How many times did you hear that as a child? If you were an athlete or a musician, probably more times than you want to remember. Practice makes perfect. It seems at once obvious and suspect. Without practice there’s no way to progress; but progress to perfection? Perhaps the old adage promises more than it can deliver.
Deepak Chopra begs to differ. We had the opportunity to hear and be with him while we were on vacation at the Chautauqua Institution. His presence was attractive and amazing, filled with wisdom and grace. Chopra, a respected endocrinologist, has become a leader in the integration of Eastern and Western medical traditions. He sees and articulates the convergence of spirituality and science with great clarity, authority, and hope.
Practice makes perfect, Chopra believes, not because of what we can accomplish through our own heroic efforts but because of what we can receive as we draw close to the perfection that lies under the surface of our everyday lives. The universe is already perfect, “and God saw that it was good,” we just need to drink deeply from the well of this perfection. Practice enables us to stay hydrated with love.
That really is a wonderful concept: staying hydrated with love. Athletes know that to get through a long test of endurance, such as a marathon, they have to be well hydrated. The body can lose a lot of fluid in 3 to 4 hours of vigorous exercise. Drinking more than a gallon of water a day can assist runners to finish the race in style.
So too when it comes to the race of life. To go from a single cell in your mother’s womb to a complex organism of body, mind, and spirit and then to sustain that organism to a ripe old age is no less of a marathon. Most of us do not manage to finish the race in style. Instead, we end up shriveling our body, mind, and spirit until we eventually squeeze them out of existence.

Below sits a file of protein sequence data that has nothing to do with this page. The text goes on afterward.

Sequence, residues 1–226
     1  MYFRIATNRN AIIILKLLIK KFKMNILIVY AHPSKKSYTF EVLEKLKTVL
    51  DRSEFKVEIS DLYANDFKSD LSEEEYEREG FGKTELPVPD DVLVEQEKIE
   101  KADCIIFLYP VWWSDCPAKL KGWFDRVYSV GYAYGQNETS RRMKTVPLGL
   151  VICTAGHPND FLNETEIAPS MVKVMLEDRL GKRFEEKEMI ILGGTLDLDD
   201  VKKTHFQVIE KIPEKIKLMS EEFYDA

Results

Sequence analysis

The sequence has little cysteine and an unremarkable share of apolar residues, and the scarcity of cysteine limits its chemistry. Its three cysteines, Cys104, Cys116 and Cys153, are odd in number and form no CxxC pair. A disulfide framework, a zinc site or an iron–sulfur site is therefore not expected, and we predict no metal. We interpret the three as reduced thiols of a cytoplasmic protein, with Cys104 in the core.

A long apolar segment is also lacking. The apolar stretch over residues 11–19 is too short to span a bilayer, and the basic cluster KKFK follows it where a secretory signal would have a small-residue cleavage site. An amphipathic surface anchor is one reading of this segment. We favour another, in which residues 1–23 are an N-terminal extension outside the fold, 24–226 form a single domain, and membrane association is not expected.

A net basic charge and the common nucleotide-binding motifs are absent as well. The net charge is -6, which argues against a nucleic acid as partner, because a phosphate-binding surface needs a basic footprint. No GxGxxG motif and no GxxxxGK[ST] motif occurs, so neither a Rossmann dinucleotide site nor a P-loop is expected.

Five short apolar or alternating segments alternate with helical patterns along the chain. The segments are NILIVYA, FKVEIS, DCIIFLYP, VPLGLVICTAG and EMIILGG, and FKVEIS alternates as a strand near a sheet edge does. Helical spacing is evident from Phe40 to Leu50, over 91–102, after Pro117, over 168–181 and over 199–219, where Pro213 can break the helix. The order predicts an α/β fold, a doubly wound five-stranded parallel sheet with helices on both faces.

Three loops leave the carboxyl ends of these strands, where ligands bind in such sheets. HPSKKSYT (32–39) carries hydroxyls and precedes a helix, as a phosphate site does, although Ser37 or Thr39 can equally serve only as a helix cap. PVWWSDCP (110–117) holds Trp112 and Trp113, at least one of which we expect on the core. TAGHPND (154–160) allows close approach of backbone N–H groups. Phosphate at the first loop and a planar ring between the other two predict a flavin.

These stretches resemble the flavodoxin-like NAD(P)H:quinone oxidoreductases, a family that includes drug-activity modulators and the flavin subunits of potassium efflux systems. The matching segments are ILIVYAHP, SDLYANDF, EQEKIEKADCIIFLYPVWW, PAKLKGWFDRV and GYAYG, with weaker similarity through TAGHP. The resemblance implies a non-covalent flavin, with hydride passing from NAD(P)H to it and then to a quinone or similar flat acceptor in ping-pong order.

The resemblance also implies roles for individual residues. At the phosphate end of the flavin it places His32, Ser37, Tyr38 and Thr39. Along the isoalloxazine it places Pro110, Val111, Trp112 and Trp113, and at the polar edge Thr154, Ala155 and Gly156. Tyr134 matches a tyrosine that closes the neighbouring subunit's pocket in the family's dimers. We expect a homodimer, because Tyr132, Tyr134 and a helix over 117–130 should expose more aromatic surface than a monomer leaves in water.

It does not have to be this way, however. Chopra goes so far as to suggest that with practice human beings can learn to substantially lengthen and strengthen their lives. We can come close to the intelligent perfection, what Chopra calls the “ever-present witnessing awareness,” out of which we were created and for which God created life in the first place.
How do we practice for perfection? How do we stay hydrated with love? By exercising the body, mind, and spirit in the time-tested disciplines of love. They aren’t that hard to understand, or even to imagine. They have about them the air of common sense. But too often we allow the stress and strains of life to block them from view and to keep us from practicing them on a regular basis. In the hands of a master artist like Chopra, such common sense exercises become magical and attractive to even the busiest and most distracted among us.
For the next two to three months I am going use my weekly LifeTrek Provision to lift up different exercises for the body, mind, and spirit. These concentric circles of being build upon and connect with each other, so my discussion of the exercises may not be linear. When I get all through, however, they will form a beautiful picture of life, a vision of perfection, an optimum quality of being that is not beyond the reach of anyone. I hope you’ll want to join me for the journey.
May you be filled with goodness, peace, and joy.
Bob Tschannen-Moran, MCC, BCC